In "Notre Dame Philosophical Review" (May 12, 2010):
A review of
Jon Mandle's "Rawls's A Theory of Justice: An Introduction" (Cambridge University Press, 2009)
- by Kasper Lippert-Rasmussen, University of Århus, Denmark.
"[....] as an introductory text that students use as a supplement to a careful reading of A Theory of Justice itself, it is an excellent book. For Rawls scholars, the book is interesting because of the way in which it critically comments on various received interpretations of A Theory of Justice. It does justice to the two latter parts of A Theory of Justice in a way that few other introductory texts do and is quite helpful in explaining the structure of these less well-read last 400 pages of A Theory of Justice. Last, but not least, Mandle's book is interesting because he couples his anti-luck egalitarian reading of Rawls with his view that Rawls favors property-owning democracy over welfare-state capitalism -- because of how the former better than the latter ensures that citizens can relate to one another as equals. In making this connection, Mandle strikes a chord that is intriguing and very up-to-date in the light of Elizabeth Anderson's and Samuel Scheffler's recent critiques of luck-egalitarianism."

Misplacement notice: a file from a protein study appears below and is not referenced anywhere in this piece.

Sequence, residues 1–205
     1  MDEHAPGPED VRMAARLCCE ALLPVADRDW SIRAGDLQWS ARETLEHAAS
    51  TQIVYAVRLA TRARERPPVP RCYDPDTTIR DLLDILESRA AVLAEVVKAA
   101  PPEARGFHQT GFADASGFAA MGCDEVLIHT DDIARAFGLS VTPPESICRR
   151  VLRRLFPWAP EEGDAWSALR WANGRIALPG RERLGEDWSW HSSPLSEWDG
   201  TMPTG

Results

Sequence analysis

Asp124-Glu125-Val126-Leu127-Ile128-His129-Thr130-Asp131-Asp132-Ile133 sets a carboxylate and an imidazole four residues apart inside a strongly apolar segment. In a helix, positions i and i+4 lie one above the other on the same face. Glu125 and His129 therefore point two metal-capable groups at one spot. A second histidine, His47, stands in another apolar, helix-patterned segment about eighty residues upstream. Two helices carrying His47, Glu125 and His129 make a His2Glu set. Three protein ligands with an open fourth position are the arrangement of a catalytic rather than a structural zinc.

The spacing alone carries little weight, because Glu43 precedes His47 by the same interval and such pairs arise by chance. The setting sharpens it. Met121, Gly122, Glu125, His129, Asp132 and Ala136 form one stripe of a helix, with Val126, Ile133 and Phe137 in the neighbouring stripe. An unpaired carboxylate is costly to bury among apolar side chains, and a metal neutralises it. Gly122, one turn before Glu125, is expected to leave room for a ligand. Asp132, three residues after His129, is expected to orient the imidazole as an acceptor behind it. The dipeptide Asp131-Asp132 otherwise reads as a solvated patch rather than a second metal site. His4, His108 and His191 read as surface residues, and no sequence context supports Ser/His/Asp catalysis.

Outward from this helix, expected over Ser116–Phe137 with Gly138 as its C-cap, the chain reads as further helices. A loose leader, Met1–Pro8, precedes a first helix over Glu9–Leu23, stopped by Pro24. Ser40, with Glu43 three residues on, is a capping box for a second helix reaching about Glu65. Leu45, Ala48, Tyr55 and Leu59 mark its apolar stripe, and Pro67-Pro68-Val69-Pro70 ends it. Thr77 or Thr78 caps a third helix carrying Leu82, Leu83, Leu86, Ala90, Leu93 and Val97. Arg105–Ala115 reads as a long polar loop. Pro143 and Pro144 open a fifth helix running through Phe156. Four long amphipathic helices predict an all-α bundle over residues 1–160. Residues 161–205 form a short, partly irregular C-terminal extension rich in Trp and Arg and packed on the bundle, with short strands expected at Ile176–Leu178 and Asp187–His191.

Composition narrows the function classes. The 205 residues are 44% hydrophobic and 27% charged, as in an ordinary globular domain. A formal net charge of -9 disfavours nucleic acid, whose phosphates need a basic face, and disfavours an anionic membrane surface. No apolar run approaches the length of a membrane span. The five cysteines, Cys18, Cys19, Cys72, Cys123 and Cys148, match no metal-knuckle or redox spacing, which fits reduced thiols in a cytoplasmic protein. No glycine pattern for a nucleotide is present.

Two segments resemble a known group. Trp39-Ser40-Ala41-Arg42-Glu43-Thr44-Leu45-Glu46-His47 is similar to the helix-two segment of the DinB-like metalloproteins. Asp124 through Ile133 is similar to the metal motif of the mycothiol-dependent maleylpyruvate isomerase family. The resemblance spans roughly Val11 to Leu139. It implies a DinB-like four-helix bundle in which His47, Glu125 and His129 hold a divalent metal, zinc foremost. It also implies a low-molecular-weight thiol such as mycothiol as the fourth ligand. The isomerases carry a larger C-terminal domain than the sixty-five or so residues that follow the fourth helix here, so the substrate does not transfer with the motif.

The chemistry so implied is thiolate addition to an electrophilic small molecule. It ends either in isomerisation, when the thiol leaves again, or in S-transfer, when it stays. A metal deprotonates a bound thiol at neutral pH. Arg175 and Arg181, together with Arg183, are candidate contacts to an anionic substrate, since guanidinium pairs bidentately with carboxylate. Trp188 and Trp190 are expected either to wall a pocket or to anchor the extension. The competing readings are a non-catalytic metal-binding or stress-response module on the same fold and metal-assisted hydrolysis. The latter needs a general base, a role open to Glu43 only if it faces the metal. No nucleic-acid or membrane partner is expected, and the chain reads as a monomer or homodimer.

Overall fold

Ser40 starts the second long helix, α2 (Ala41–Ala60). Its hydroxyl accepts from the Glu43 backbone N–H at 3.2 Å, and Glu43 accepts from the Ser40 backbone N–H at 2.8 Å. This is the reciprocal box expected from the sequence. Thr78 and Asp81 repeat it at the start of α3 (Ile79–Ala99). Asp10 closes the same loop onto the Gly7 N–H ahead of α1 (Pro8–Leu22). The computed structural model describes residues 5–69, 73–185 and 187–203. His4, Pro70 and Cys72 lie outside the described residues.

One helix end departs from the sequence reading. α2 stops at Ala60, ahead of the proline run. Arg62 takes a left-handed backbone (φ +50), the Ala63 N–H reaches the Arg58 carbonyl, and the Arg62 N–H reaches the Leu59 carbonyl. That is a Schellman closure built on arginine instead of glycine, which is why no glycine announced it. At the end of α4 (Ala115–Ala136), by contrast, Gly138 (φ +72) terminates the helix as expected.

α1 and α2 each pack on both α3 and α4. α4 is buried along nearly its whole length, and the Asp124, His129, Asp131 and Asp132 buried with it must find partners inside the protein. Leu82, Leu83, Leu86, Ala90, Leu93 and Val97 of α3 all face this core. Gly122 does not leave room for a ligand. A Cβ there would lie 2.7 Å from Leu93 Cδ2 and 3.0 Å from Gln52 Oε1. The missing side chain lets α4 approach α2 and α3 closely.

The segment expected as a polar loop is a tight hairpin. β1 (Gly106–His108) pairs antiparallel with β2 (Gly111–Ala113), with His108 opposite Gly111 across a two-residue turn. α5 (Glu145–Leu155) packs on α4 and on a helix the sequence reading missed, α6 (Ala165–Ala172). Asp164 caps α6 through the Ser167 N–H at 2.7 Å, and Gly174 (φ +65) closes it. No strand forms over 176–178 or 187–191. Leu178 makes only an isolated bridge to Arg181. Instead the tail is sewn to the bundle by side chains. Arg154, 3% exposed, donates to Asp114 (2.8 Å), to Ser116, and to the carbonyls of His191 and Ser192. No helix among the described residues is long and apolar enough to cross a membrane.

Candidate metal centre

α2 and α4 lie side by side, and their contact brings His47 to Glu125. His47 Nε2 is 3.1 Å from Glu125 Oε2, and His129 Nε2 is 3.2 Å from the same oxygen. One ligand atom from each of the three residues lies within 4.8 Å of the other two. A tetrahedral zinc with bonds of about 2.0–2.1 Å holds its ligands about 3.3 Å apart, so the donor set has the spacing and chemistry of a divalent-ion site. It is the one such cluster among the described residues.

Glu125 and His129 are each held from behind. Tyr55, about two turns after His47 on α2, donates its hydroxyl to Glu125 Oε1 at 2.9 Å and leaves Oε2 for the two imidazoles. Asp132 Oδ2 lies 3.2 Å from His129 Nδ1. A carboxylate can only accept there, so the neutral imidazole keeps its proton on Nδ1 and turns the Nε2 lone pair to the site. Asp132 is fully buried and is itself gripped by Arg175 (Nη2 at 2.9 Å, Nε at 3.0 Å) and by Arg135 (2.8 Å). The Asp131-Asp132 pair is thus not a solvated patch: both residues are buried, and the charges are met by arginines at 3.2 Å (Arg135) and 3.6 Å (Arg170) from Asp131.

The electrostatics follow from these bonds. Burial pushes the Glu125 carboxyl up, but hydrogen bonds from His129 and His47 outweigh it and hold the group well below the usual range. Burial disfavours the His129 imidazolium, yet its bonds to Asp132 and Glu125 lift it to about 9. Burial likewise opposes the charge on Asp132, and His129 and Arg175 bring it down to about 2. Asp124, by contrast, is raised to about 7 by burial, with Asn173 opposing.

Jon Mandle is Associate Professor at the Department of Philosophy, University of Albany, SUNY. Jon Mandle's introduction to his book is available here [pdf].